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In preparing for April 15 (many happy returns, everyone!), I contacted one of my mutual-fund companies to ask if they would be mailing their 1099's soon. And their reply was, our fund had neither dividends nor capital gains this year, so we won't be sending 1099's.

Well, this is the first time that has happened to me. And while I'm not troubled (about the fund's performance), I am curious:
* capital gains would be generated by sales of individual stocks,
and I guess the fund manager feels his/her picks have further room
to appreciate so didn't sell any;
* dividends would be generated if any individual stocks issued
dividends (in excess of the fund's expenses?).

It's the latter one that causes me concern: the fund's style is large blend, so what are the chances that none of its individual large-cap stocks paid any dividends this past year?
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Greetings,

And their reply was, our fund had neither dividends nor capital gains this year, so we won't be sending 1099's.

I think this should be restated a little. The fund has neither net investment income to distribute nor net realized capital gains thus there isn't any distribution made.

Well, this is the first time that has happened to me. And while I'm not troubled (about the fund's performance), I am curious:
* capital gains would be generated by sales of individual stocks,
and I guess the fund manager feels his/her picks have further room
to appreciate so didn't sell any;


Not necessarily. The fund may have offset any capital gains with losses or used loss carryovers so that there weren't any net realized gains to distribute. What was the status of the fund in previous years?

* dividends would be generated if any individual stocks issued
dividends (in excess of the fund's expenses?).


It is possible if the fund has a growth tilt for it to have a very low yield that may result in there being no net investment income to distribute. If the fund's expenses are say 1.4% and the yield on the holdings is 1% then you aren't going to have anything pass through.

It's the latter one that causes me concern: the fund's style is large blend, so what are the chances that none of its individual large-cap stocks paid any dividends this past year?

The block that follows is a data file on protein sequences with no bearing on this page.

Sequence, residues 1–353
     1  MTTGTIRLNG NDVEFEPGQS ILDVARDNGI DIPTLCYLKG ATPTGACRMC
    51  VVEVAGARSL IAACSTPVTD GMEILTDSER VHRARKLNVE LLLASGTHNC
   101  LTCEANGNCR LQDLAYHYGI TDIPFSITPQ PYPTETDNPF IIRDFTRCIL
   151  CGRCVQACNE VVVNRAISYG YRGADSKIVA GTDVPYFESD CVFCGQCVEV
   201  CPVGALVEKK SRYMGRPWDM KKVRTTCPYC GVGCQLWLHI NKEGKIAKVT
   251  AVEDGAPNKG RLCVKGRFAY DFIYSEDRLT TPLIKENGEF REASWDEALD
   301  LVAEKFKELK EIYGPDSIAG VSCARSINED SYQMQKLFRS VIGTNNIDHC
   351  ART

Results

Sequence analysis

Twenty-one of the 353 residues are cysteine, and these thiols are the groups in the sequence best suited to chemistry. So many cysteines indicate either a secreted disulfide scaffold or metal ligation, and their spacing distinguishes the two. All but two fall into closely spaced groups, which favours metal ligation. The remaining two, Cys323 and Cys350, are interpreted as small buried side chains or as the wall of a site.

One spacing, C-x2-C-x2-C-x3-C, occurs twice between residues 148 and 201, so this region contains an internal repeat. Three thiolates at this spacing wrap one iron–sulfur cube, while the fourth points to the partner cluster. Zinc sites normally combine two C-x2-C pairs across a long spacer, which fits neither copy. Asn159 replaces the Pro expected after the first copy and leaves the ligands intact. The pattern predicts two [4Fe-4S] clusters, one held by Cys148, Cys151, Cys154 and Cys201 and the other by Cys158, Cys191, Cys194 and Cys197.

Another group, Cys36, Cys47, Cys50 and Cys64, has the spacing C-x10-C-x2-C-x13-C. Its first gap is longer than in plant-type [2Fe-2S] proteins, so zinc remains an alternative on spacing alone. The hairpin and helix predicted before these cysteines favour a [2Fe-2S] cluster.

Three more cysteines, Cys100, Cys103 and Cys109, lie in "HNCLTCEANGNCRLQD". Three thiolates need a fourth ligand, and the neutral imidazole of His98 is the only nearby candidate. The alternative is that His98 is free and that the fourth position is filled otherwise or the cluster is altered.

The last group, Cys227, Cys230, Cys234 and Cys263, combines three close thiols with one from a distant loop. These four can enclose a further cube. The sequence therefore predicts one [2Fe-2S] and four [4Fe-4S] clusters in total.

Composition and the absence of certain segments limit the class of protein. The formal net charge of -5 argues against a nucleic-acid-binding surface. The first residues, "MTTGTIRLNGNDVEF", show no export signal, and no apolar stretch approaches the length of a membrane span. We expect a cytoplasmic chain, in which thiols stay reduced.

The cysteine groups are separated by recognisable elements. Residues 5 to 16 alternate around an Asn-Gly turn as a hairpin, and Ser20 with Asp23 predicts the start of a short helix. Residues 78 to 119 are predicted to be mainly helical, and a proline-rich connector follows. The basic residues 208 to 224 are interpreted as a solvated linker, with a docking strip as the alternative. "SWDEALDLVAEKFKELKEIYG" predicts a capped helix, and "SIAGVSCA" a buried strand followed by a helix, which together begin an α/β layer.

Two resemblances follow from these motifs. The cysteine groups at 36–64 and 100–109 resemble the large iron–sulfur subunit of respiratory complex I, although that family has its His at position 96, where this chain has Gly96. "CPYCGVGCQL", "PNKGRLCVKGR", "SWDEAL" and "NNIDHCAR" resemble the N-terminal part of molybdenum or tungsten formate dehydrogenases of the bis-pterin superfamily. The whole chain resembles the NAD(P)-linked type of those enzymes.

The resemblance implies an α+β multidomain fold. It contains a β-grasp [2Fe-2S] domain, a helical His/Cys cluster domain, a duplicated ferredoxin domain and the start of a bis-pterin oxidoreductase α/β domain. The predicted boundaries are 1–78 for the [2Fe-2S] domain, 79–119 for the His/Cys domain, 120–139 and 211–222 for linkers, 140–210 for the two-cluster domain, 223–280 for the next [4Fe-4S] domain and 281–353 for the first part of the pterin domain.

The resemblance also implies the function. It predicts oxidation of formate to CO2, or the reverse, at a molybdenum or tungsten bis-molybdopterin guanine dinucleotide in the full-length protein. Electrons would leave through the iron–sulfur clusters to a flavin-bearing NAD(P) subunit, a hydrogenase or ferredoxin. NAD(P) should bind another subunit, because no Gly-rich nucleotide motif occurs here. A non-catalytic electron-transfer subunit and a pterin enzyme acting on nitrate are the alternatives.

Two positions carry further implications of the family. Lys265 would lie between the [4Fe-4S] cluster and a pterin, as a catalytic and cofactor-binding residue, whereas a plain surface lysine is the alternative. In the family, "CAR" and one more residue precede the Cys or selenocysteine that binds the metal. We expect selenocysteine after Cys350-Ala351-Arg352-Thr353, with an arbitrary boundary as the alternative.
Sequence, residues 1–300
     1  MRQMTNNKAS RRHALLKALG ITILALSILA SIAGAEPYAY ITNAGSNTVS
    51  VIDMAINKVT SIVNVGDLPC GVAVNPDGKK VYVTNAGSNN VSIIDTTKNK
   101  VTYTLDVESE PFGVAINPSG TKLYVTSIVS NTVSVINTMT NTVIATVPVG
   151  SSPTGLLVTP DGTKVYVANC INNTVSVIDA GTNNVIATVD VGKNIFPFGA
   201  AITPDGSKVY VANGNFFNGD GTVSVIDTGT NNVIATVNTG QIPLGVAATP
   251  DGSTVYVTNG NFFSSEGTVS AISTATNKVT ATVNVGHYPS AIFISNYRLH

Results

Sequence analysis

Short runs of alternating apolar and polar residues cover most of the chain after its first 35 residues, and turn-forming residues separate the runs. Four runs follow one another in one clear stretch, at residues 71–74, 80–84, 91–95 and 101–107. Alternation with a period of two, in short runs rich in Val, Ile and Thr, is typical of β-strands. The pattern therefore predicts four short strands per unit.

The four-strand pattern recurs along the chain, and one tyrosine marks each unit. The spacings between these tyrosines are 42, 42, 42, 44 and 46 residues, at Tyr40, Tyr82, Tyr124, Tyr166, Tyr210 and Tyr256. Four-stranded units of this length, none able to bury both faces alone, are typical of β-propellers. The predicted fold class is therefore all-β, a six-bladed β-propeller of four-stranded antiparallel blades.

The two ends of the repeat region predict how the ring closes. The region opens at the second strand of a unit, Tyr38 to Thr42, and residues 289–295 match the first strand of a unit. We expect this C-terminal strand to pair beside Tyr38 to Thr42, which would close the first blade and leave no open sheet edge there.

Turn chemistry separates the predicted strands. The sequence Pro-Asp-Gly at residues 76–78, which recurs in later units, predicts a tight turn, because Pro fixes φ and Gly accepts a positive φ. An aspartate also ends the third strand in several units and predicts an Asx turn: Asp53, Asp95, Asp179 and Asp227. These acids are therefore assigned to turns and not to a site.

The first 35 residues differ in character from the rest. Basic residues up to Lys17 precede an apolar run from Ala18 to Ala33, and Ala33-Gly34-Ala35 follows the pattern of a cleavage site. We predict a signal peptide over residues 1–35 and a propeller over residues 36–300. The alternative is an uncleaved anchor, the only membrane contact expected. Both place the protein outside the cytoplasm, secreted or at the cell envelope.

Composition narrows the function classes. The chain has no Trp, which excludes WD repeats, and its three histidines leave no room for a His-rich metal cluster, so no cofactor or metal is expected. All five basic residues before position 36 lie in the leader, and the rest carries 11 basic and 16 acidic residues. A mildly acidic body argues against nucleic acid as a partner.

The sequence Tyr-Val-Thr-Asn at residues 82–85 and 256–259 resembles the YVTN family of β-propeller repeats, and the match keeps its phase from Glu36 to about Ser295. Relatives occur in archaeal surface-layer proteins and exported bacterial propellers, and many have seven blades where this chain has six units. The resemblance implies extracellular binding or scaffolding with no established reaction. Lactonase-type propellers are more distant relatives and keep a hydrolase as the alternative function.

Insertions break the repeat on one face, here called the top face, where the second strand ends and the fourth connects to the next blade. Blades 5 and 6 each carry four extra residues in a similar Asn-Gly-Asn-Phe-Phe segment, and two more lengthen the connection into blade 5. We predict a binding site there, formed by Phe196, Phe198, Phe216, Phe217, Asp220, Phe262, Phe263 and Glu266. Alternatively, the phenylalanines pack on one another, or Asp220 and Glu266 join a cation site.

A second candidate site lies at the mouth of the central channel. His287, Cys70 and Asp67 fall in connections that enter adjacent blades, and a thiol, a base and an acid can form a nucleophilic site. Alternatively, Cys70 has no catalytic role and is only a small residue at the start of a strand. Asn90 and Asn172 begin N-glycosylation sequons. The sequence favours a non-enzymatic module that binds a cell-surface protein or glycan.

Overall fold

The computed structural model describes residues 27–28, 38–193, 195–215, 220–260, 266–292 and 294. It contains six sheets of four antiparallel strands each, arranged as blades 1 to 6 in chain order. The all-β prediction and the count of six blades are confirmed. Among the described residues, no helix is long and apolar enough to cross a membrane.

What is the expense ratio on the fund? This is likely the big question since if it is up there that would explain it. Don't forget the fund could hold a mix of growth and value stocks so that it is a considered a blend but it avoids high-yielding stocks and thus could hold some of the big Nasdaq stocks as well as say Berkshire Hathaway to balance that out.

Don't forget that you didn't tell us the name of the fund and so it isn't like I could look up that fund's news to see if there is an explanation there.

HTH,
JB
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Thanks, I hadn't realized--oops, wrong term to use in a discussion of capital gains, eh?--understood those subtleties.

The fund is Legg Mason Value, which does have a high expense e.r. (1.7%). And now I notice it didn't pay any income or gains last year either, which I hadn't noticed then because I did get a 1099 from them for the Opportunity Trust fund.
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Greetings,

Now that I have a name of the fund I could look at the prospectus and notice that on page 41 of http://www.leggmason.com/funds/ourfunds/prosp/equity_prosp.pdf that there aren't distributions for 2004 or 2003. Along the bottom is the assets in the fund which could be used as a guide to see if the fund had redemptions while it was down, e.g. the 25.5% drop in assets from 2002 to 2003 while the fund's total return was down only 18.29% would suggest some redemptions at least to my mind. This would allow the fund to book capital losses if the shares sold were at a loss which are then used against future capital gains when the fund sells stocks at a gain.

Regards,
JB
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